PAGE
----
I enjoyed it but it was hard work we shot over 2600 images on the day and thankfully they were pleased with the results .

GetCarter

19,133 posts

162 months

[news] 
Tuesday 24th April 2012 quote quote all
Carter is NO relation to me hehe

I think I did a rather good job with the groom




Edited by GetCarter on Tuesday 24th April 09:11

TonyHetherington

31,791 posts

133 months

[news] 
Tuesday 24th April 2012 quote quote all
Wow. They're shocking. All very obvious errors, too (such as long shutter speed, poor framing). Even a rubbish amateur like me can see it, you wonder what their "qualifications" (for want of a better word) were?

MartinP

1,210 posts

121 months

[news] 
Tuesday 24th April 2012 quote quote all
You've got to wonder how they managed to book the client? Did the client ask to look at their portfolio, or ask them any questions at all?

But what I find most shocking is that the photographers took on a job of recording someones most special day when they clearly had no idea what they were doing. It would serve them right if the client sued them for the cost of repeating the day and the cost of travel/accommodation for all the guests so they could get a decent set of photos as you can be pretty sure they didn't have professional indemnity insurance...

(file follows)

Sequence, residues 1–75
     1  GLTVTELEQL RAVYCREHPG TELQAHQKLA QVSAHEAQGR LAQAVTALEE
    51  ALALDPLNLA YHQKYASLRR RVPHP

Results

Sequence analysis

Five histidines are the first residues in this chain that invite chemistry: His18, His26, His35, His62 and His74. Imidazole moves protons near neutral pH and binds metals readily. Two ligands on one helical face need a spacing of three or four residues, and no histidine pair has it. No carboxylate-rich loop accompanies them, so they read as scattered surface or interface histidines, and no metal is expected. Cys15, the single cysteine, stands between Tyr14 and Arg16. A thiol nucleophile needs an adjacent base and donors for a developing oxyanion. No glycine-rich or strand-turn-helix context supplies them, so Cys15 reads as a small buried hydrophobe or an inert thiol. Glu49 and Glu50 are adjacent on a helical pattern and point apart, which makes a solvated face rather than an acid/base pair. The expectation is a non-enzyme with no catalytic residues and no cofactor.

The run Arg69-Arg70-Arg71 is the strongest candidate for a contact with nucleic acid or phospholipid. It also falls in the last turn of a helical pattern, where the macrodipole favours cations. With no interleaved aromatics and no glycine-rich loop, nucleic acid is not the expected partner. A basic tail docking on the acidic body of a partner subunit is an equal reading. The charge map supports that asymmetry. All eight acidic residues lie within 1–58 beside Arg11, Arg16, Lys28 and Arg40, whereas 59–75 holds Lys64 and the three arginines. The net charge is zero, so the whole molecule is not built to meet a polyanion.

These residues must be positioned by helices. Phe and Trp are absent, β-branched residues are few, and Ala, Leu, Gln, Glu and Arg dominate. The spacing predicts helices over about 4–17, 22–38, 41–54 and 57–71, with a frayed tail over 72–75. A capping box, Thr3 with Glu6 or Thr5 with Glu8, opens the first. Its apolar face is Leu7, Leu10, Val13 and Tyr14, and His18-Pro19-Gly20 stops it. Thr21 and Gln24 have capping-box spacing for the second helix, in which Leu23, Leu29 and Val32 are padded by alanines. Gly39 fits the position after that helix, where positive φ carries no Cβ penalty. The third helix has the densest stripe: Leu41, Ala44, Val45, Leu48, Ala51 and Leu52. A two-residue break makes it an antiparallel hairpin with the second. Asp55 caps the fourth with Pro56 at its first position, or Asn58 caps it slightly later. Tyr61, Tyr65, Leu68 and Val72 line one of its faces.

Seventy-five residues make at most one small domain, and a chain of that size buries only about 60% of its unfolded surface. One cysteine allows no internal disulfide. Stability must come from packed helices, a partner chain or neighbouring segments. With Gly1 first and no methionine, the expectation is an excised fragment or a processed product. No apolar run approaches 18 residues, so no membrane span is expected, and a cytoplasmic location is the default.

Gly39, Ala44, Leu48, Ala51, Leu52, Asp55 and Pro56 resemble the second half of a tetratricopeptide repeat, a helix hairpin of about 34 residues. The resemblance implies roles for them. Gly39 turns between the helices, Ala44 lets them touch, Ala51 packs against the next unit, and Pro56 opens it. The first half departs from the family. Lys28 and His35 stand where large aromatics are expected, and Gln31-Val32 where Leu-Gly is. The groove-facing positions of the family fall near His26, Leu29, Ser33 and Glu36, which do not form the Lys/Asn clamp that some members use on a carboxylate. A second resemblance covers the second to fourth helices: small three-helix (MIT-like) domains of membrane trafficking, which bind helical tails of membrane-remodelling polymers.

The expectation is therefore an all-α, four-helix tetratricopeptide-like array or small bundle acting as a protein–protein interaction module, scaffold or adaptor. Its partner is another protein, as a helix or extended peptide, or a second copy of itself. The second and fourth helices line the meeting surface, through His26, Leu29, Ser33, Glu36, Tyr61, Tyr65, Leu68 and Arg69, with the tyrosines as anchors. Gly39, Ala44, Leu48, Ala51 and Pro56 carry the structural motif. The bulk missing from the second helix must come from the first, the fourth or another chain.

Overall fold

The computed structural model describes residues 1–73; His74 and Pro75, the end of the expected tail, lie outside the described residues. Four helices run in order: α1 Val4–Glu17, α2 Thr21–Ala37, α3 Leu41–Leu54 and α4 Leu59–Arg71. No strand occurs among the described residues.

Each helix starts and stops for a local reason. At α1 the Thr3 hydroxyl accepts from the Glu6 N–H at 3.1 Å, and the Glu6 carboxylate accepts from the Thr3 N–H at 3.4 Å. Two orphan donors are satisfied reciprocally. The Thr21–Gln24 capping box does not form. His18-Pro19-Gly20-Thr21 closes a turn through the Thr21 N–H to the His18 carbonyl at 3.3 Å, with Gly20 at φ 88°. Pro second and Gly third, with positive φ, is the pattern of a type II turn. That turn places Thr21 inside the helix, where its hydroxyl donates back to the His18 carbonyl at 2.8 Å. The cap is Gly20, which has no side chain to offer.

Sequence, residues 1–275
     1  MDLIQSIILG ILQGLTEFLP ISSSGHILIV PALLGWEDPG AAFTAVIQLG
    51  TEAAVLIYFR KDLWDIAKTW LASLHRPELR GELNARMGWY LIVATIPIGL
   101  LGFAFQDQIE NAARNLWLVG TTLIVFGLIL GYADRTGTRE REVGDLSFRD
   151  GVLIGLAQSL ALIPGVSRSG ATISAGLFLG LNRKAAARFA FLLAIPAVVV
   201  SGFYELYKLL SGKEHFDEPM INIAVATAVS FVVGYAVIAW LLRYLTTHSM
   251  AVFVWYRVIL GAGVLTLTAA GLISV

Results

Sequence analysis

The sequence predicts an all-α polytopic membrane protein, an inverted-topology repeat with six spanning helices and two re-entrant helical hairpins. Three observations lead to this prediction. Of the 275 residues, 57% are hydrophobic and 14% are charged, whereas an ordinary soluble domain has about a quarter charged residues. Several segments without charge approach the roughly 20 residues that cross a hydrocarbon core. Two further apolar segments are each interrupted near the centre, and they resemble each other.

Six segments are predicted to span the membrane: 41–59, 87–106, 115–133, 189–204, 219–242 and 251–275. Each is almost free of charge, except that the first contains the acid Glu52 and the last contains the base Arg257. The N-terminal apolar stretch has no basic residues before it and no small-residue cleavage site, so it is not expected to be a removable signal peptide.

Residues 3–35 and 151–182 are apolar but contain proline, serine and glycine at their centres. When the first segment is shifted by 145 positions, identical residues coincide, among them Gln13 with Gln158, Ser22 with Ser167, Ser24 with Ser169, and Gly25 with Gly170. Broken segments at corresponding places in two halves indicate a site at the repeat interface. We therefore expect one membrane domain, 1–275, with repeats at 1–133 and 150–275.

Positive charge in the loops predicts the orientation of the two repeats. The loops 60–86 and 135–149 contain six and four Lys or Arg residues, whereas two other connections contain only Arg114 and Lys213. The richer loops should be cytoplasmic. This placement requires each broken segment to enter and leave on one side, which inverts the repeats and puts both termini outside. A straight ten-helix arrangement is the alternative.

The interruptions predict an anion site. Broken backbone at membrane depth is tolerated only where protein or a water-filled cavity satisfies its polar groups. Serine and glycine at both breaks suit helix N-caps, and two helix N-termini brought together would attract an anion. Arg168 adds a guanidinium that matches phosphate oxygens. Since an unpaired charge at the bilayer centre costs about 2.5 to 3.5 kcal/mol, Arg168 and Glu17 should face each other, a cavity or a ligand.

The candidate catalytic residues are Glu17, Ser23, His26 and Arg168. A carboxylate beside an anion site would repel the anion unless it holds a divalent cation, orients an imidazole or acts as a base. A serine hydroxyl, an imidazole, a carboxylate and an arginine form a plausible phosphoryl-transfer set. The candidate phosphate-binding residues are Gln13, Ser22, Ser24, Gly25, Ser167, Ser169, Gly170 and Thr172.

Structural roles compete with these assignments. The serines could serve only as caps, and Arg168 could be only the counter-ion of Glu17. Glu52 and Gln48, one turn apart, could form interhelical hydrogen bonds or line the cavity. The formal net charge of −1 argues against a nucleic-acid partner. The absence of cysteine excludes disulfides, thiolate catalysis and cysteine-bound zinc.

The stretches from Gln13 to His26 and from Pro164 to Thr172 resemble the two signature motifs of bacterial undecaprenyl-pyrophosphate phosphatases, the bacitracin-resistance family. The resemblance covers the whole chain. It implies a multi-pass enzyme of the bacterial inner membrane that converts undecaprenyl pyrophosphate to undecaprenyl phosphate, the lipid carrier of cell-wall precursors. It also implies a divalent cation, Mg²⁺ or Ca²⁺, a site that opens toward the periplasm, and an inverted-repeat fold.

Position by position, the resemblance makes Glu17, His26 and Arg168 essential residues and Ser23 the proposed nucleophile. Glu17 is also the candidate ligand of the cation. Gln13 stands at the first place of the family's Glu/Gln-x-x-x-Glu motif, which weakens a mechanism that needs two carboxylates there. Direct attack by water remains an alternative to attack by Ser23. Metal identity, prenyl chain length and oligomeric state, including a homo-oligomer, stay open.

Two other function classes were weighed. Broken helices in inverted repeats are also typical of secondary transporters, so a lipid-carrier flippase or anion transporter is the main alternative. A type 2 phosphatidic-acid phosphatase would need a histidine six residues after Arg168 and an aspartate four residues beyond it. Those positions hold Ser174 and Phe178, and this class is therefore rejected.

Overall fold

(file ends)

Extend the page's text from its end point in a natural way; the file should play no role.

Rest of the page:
At least stories like this in the press should help to support why quality wedding photography is worth paying for.

markmullen

14,617 posts

117 months

[news] 
Tuesday 24th April 2012 quote quote all
MartinP said:
But what I find most shocking is that the photographers took on a job of recording someones most special day when they clearly had no idea what they were doing. It would serve them right if the client sued them for the cost of repeating the day and the cost of travel/accommodation for all the guests so they could get a decent set of photos as you can be pretty sure they didn't have professional indemnity insurance...
You only have to read the number of threads over on Talkphotography along the lines of "I've just started in photography and have got a Canon 1100d and kit lens and have just booked my first wedding, what settings should I use" to see that it is far from uncommon for people to take on more than they are capable of.

I was asked to be second photographer at a friend's wedding a couple of weeks back (My girlfriend was the bridesmaid), they'd got a professional for the service itself and up to a mock cutting of the cake but not for the preparation, or the reception. I made sure my kit was up to the job (two 1 series with off camera flash and fast lenses, proper backup procedure in place, colorchecker passport etc) and spent a while practicing to make sure I was ready for the job as it is very different from my usual sort of photography (I don't think 30 seconds at f11 was going to help!). I ran myself ragged for 15 hours making sure I did the best job I could, then editing them and processing them and shortly the B&G will have an album of our shots as an additional wedding present.